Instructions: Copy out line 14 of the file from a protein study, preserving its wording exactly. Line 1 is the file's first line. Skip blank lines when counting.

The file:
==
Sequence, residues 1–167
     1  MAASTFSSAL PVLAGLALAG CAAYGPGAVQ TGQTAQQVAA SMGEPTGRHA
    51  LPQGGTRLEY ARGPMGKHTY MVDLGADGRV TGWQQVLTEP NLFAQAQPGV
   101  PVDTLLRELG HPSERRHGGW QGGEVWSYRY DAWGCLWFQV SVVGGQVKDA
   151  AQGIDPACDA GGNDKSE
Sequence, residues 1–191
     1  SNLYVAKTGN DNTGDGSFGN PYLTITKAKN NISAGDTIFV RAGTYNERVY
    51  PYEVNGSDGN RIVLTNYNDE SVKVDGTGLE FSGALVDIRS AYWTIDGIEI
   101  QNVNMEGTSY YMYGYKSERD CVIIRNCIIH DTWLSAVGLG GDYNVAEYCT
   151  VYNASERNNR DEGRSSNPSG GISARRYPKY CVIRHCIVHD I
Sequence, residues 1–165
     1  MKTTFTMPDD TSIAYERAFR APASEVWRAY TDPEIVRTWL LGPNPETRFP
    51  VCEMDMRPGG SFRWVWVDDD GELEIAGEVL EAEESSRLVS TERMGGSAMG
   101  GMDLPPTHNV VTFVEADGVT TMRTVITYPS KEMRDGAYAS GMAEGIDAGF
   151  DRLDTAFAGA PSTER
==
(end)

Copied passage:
   101  GMDLPPTHNV VTFVEADGVT TMRTVITYPS KEMRDGAYAS GMAEGIDAGF